The development of an adult-use cannabis industry in New York State under this legislation has the potential to create significant economic opportunities for New Yorkers and the State. Tax collections from the adult-use cannabis program are projected to reach $350 million annually. Additionally, there is the potential for this new industry to create 30,000 to 60,000 new jobs across the State.

“This is a historic day in New York – one that rights the wrongs of the past by putting an end to harsh prison sentences, embraces an industry that will grow the Empire State’s economy, and prioritizes marginalized communities so those that have suffered the most will be the first to reap the benefits.” Governor Cuomo said. “This was one of my top priorities in this year’s State of the State agenda and I’m proud these comprehensive reforms address and balance the social equity, safety and economic impacts of legal adult-use cannabis. I thank both the Leader and the Speaker, and the tireless advocacy of so many for helping make today’s historic day possible.”

“Today, New York stepped up and took transformative action to end the prohibition of adult-use marijuana,” said Senate Majority Leader Andrea Stewart-Cousins. “This legislation is a momentous first step in addressing the racial disparities caused by the war on drugs that has plagued our state for too long. This effort was years in the making and we have finally achieved what many thought was impossible, a bill that legalizes marijuana while standing up for social equity, enhancing education and protecting public safety. I applaud Senator Liz Krueger and Assembly Majority Leader Crystal Peoples-Stokes for their commitment and leadership on this issue.”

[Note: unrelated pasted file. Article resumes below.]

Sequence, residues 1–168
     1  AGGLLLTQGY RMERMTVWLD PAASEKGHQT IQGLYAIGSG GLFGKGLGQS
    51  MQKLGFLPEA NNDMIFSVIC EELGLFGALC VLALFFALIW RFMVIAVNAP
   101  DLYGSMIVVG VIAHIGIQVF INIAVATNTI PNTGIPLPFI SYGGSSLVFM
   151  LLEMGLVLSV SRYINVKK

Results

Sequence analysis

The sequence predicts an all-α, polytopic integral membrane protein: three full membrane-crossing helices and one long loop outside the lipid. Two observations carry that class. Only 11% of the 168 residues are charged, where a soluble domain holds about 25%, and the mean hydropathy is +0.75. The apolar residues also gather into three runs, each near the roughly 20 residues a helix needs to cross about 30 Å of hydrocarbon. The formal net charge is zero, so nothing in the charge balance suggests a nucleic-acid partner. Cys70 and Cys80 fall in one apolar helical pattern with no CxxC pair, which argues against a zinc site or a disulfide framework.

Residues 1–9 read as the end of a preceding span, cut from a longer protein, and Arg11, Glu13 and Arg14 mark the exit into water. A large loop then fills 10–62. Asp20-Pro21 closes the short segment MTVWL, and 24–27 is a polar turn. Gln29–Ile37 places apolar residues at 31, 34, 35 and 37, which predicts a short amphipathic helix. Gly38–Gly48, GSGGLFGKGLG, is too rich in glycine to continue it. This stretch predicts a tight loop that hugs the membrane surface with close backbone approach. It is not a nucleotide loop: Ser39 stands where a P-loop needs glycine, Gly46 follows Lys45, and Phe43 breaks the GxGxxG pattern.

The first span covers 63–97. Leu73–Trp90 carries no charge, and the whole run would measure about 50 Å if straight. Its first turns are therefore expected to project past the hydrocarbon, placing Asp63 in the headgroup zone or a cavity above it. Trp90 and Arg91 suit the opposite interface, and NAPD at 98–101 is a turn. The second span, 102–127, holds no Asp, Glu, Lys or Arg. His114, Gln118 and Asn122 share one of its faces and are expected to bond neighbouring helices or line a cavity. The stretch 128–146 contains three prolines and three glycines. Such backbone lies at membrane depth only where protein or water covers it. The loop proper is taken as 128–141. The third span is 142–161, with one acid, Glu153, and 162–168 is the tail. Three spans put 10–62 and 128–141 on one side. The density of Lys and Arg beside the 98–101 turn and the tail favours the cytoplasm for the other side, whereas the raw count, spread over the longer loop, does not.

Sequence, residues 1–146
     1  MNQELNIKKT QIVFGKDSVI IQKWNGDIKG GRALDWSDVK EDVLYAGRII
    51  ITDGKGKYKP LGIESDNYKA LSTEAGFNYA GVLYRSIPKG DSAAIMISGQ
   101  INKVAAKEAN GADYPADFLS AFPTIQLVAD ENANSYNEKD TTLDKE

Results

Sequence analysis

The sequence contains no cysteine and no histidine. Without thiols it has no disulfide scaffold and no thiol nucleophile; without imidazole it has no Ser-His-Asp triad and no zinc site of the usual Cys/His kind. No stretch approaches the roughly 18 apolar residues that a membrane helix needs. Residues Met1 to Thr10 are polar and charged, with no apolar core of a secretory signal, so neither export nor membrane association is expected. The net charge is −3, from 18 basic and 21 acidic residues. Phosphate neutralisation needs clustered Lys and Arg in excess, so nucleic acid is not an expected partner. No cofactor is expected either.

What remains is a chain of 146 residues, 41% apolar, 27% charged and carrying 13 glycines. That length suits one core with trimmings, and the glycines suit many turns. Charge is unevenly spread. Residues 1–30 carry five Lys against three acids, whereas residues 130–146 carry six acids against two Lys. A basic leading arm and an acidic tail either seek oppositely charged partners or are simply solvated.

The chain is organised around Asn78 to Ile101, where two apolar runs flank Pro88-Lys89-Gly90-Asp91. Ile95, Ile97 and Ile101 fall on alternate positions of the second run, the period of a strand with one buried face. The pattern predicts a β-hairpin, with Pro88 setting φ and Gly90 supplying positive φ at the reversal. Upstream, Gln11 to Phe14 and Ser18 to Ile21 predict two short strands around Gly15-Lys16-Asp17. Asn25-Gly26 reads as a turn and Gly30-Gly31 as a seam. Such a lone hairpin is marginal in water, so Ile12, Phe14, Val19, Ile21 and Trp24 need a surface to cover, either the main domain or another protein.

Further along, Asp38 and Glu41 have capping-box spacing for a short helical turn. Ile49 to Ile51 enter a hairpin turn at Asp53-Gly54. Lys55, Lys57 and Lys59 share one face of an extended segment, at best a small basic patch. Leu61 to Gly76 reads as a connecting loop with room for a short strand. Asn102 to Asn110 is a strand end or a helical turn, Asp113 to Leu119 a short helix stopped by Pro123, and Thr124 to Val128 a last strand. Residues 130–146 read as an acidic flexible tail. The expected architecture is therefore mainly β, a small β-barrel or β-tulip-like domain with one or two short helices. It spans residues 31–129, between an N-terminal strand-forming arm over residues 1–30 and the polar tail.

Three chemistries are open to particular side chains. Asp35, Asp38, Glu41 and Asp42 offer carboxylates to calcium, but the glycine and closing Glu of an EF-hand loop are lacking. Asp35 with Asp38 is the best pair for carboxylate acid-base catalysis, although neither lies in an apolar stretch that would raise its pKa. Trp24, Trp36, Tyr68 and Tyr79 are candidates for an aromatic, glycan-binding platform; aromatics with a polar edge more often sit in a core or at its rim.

“Passage of this bill will mean not just legalizing marijuana, but also investing in education and our communities, and it brings to an end decades of disproportionately targeting people of color under state and federal drug laws,” said Assembly Speaker Carl Heastie. “I thank Majority Leader Crystal Peoples-Stokes for her years of advocacy and efforts to make this bill a reality. My colleagues and I knew it was important to do this the right way – in a way that would include those targeted and frequently excluded from the process. Now, this legal industry will create jobs across our state, including for those who have had their lives upended by years of unjust drug laws.”

“I’m extremely humbled, proud and honored to have passed the historic Marijuana Regulation and Taxation Act with my partners in government Senator Liz Krueger and Governor Cuomo. This social justice initiative will provide equity to positively transform disenfranchised communities of color for the better,” said Assembly Majority Leader Crystal Peoples-Stokes. “I believe this bill can serve as a blue print for future states seeking inclusive cannabis legalization. I would be remiss not to thank all of my family, colleagues, advocates and supporters over 8 long years.”

The Governor has included legalizing adult-use cannabis in his last three budget proposals.

The New York State Cannabis/Marijuana Regulation & Taxation Act contains the following provisions:

Establish the Office of Cannabis Management
The Office of Cannabis Management will be charged with enforcing a comprehensive regulatory framework governing medical, adult-use cannabinoid hemp. It will be governed by a five-member board, with three members appointed by the Governor and one appointment by each house. OCM will be an independent office operating as part of the New York State Liquor Authority.

Medical Cannabis
The legislation will allow people with a larger list of medical conditions to access medical marijuana, increase the number of caregivers allowed per patient, and permit home cultivation of medical cannabis for patients.

Adult-Use Cannabis